What Are the Different Types of Cottage Cheese Pasta?

Cynde Gregory

In spite of the fact that cottage cheese actually has the word cheese in it, few folks put it in the same category as Swiss, mozzarella, cheddar, and other yummy, meltable cheeses. Ask someone what to do with it, and the answer will either be to eat it by itself or make it part of a fruit or veggie salad. Even cooks don’t often think of cottage cheese as a casserole or sauce ingredient for pasta, but the truth is that cottage cheese pasta is creamy, rich, and satisfying. Among the cottage cheese pasta choices are baked casserole, spinach and cottage cheese spaghetti, and egg noodles with cottage cheese and bacon.

Large pasta shells can be stuffed with cottage cheese and veggies, and then topped with tomato sauce.
Large pasta shells can be stuffed with cottage cheese and veggies, and then topped with tomato sauce.

There are actually a number of equally delicious approaches to baked cottage cheese pasta casseroles. A lasagna variation uses cottage cheese instead of ricotta. As cottage cheese is creamier, the results ooze with gooey, creamy deliciousness. Another casserole mixes cottage cheese with tomato sauce, sautéed onions, garlic, and if the cook desires, meat and mushrooms. Rigatoni, fusilli, or large elbow macaroni works well with this baked cottage cheese pasta.

Cottage cheese is often used as a substitute for ricotta.
Cottage cheese is often used as a substitute for ricotta.

Stuffing large pasta shells with a combination of cottage cheese and veggies such as green, yellow, or red peppers, green peas, and cauliflower in addition to onions, garlic, and mushrooms makes a fabulous dish that youngsters find so fascinating that they’ll ask for seconds. Topped with red tomato sauce and shredded mozzarella cheese, the shells come out of the casserole brimming with mingled flavors. The clever cook knows that fresh Italian herbs elevate the stuffed shells to magnificence.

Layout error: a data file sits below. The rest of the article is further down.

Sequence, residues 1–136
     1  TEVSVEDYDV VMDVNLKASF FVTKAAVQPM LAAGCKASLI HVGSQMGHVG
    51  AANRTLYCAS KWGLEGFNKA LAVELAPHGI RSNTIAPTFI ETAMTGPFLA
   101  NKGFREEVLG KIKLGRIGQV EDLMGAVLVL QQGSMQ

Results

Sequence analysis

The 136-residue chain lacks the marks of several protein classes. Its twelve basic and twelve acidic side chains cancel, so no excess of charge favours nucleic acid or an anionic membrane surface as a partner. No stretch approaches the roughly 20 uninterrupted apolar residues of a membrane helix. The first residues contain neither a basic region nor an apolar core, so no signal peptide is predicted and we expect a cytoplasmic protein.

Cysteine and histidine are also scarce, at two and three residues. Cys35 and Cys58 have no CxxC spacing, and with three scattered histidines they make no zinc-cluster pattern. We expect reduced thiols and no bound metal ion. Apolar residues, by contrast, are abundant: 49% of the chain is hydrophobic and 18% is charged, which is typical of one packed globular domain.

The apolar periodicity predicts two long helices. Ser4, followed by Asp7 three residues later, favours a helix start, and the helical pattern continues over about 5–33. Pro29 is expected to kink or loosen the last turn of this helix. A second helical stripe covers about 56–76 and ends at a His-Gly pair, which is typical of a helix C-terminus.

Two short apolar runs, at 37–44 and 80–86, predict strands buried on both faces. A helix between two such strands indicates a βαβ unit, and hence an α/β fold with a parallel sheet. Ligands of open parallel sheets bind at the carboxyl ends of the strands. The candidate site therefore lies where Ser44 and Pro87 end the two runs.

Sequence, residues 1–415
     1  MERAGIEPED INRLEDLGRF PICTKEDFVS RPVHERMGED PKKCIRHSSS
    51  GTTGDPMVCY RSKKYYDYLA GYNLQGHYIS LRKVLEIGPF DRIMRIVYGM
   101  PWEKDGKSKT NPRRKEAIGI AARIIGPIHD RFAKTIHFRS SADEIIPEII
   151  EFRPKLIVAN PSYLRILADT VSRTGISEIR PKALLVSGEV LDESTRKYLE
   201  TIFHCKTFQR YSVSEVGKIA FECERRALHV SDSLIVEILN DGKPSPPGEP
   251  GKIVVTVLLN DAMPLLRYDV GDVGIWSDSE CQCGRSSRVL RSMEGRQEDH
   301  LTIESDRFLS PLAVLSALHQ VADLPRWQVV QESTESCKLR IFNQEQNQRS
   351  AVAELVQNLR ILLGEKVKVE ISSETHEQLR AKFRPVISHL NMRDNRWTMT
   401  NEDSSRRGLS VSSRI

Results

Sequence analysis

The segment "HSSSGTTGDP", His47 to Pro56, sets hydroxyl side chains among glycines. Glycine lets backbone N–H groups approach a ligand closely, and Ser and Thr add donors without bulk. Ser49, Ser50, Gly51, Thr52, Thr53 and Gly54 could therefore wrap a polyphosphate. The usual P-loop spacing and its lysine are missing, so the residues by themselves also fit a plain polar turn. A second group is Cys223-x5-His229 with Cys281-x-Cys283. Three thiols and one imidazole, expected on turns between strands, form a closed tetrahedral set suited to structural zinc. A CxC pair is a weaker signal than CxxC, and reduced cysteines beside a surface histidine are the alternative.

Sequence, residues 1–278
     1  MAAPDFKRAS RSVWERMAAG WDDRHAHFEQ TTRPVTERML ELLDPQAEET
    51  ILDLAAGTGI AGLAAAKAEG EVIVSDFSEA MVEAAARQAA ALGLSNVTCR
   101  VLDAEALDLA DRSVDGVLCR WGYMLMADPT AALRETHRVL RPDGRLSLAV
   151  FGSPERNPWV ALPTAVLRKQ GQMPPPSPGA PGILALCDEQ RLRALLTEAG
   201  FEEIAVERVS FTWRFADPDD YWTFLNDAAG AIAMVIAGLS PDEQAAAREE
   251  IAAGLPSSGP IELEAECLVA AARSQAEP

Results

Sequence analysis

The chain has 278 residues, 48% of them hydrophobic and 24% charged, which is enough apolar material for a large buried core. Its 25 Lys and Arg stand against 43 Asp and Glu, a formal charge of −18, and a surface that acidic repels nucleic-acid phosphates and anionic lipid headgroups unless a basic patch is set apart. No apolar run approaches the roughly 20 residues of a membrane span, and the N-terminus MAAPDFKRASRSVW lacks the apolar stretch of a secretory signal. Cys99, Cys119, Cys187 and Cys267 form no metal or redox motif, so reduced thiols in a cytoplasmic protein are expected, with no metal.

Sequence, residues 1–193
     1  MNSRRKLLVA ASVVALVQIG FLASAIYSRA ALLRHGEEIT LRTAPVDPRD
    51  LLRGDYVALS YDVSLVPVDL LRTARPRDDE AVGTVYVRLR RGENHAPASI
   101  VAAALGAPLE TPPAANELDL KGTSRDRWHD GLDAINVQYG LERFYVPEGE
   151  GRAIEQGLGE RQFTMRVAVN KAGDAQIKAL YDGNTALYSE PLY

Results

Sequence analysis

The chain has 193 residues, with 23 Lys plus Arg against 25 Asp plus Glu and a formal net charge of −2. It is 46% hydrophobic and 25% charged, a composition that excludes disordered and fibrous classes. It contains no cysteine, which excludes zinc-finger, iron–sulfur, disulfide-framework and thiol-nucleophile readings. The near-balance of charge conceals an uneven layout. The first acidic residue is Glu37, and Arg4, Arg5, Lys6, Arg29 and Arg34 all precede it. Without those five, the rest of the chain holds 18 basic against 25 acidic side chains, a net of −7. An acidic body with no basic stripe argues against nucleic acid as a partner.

As good and creamy as cottage cheese is when eaten cold, combining it with other ingredients bound for the stove top or oven makes it even creamier. A very simple, low-fat, and nutritious way to create a cottage cheese sauce for pasta requires only olive oil, garlic, and fresh or frozen spinach in addition to cottage cheese. Some cooks like to add diced, sautéed onion and perhaps some mushrooms sautéed as well. A generous dose of grated hard cheese like Romano or Parmesan makes this easy pasta the perfect weeknight meal.

Bacon and cottage cheese become best friends when they are invited to sauce egg noodles. Sour cream is the third essential ingredient in this sauce. Basil adds a lovely, almost minty dimension. While this cottage cheese pasta dish doesn’t require onion and garlic, many cooks can’t resist adding them, and sautéed baby portabella or shitake mushrooms are also ways to dress this pasta up.

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Discussion Comments


Wow, that dish that gets mentioned at the end of the article with the bacon and cottage cheese sounds amazing. I am going to try to find a proper recipe. Or, does anyone have a recipe? If I can figure one out fast I might just make that for dinner tonight.


Honestly, cottage cheese and pasta just sounds gross. I like both of them but I cannot imagine mixing them together. I know people who swear by the combination, but I will stick to mozzarella and ricotta thank you very much.


I have made lasagna with cottage cheese before and I was thrilled with the results. I tried for years to make a good lasagna and I always ended up with mediocre results. But once I switched to cottage cheese my lasagna went into another level.

I also mix garlic and fresh basil into my cottage cheese. It makes the flavor more distinct and it adds a little more zip to the lasagna. Oh, and I always use full fat cottage cheese. The low fat kind does not melt nearly as well.

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